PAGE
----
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Are mix tapes legally protected? Spotify suit questions originality of compilations

Evan Dashevsky | Sept. 6, 2013
Is track order a legally-protected concept? The courts will have to sort this one out.

A representative from Spotify commented to us via email with the following non-response response: "Spotify's goal is to grow a service which people love and ultimately want to pay for. Every single time a track is played on Spotify, rights holders are paid - and every track played on Spotify is played under a full license from the owners of that track. We want to help artists connect with their fans, find new audiences, grow their fan base and make a living from the music we all love."

While there is undoubtedly lots of thought that goes into curating MoS' various compilations, free music streaming may be one of those disrupting technologies that demotes the importance of "experts" because everyone can be an expert now. And users are free to choose which experts to follow. At the same time, a user on any site would not be able to upload non-original material and pass it off as their own—and certainly not when comandeering the name of an established brand. But is a curated track list—even one that is merely similar—subject to copyright? So many questions!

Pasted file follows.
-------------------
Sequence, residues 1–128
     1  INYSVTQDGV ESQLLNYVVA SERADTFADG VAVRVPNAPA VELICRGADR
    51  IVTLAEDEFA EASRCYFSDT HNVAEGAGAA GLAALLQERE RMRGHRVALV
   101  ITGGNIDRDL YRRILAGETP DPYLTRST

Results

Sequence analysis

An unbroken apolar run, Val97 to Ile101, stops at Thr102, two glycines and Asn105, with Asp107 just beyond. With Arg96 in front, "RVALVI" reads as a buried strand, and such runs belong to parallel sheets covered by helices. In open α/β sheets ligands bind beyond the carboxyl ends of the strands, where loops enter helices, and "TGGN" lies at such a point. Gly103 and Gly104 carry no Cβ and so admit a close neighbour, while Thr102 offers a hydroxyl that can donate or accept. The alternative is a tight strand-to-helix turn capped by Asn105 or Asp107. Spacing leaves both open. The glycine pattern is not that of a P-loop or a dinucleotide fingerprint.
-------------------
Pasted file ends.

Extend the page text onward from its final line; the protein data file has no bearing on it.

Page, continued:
The law has long been woefully behind the current state of technology, but it's cases like these, which force it to catch up. We've reached out to several copyright experts and will update this article with more information if and when they get back to us.


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